“One thing my mother never knew, and would disapprove of most of all, was that I watched the Garretts. All the time.”
The Garretts are everything the Reeds are not. Loud, messy, affectionate. And every day from her rooftop perch, Samantha Reed wishes she was one of them . . . until one summer evening, Jase Garrett climbs up next to her and changes everything.
As the two fall fiercely for each other, stumbling through the awkwardness and awesomeness of first love, Jase’s family embraces Samantha – even as she keeps him a secret from her own. Then something unthinkable happens, and the bottom drops out of Samantha’s world. She’s suddenly faced with an impossible decision. Which perfect family will save her? Or is it time she saved herself?
A transporting debut about family, friendship, first romance, and how to be true to one person you love without betraying another.
I sort of read this book out of season.
It is the perfect beach read. It just has that lazy summer day feel about it. That didn’t mean I didn’t enjoy it reading it Thanksgiving weekend, but it was sort of wearing white after Labor Day.
Major faux pas.
Oh, well, I can deal….
Overall, My Life Next Door was a well written contemporary which while romantic had other plots and characters going on in it that made it enjoyable.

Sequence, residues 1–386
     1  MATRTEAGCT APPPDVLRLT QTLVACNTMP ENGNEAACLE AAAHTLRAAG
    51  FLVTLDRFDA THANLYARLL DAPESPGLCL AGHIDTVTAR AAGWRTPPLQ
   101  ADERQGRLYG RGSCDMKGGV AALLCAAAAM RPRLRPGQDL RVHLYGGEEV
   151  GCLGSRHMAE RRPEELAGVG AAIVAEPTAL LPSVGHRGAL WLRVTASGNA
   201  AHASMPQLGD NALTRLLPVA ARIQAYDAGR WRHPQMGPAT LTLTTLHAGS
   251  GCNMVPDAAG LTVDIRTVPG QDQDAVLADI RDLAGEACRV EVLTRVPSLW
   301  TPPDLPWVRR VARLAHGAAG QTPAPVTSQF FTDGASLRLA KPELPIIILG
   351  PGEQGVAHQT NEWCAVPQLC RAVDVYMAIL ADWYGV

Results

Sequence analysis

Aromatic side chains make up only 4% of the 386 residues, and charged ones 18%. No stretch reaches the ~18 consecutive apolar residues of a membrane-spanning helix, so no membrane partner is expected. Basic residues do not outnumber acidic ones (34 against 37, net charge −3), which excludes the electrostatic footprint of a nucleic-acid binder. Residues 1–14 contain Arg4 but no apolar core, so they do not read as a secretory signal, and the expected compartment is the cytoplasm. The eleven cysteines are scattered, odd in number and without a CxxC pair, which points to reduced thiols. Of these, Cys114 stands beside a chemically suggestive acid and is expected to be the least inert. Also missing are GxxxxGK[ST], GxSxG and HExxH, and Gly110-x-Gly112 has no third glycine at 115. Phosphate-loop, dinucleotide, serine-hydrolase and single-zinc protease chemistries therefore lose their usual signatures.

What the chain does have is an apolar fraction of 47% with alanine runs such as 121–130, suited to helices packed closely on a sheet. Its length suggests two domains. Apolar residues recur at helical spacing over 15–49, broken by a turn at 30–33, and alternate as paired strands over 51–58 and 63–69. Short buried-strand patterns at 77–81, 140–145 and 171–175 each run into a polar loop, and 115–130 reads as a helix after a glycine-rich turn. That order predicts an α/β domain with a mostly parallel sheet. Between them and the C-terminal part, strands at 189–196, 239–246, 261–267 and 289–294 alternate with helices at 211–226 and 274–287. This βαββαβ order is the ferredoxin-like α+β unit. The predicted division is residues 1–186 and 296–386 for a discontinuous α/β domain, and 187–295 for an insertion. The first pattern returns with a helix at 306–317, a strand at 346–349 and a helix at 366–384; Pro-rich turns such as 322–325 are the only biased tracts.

It’s not a fluffy contemporary, per say. There are some serious overtones and undertones to it. So, instead of saying its a contemporary in the vein of Meg Cabot or Stephanie Perkins, I’d say it’s more like a Sarah Dessen book.
Not that that’s a bad thing. It’s just something that sort of comes off unexpected if you look at that cover.
In fact, I love that things in this book are, well, sort of complicated. And that the supporting characters have back stories of their own too.
What I didn’t love was that there were parts of the book that were just plain out melodrama.
To be fair, the melodrama sort of worked and that was something since it hardly ever works. But it did get a little eye rolling at times. The whole last third could’ve been resolved within twenty pages had Sam had any sort of guts. As for the resolution we got, it was satisfying enough, but I have to say I wanted more.
However, the character development made up for any fallacies in the plot. I really enjoyed both of the leads-Jase and Sam-but what I liked even more was the side character. In particular, Tim.
When I started reading the book I really despised this character, but he really grew on me. I think when you’re able to do that with side characters especially, it really says something about you as an author.
So, bravo Fitzpatrick.
A lot of other side characters besides Tim were developed as well. Some better than others.
One character that I sort of am a bit lukewarm about is Clay.
Mainly, because he was such a POS. I have sort of mixed vibes about it. On one hand I love how despicable he is, but on another I wanted there to be shades of him that showed he wasn’t such a horrible person.
Once again, it’s sort of a fine line. And I think Fitzpatrick is on the edge of said line.
This is overall a very entertaining and enjoyable book, faults included. However, I don’t think it’s a perfect fall read by any means.
Summer time though…
Overall Rating: B+. It’s a cute book that discusses some serious issues.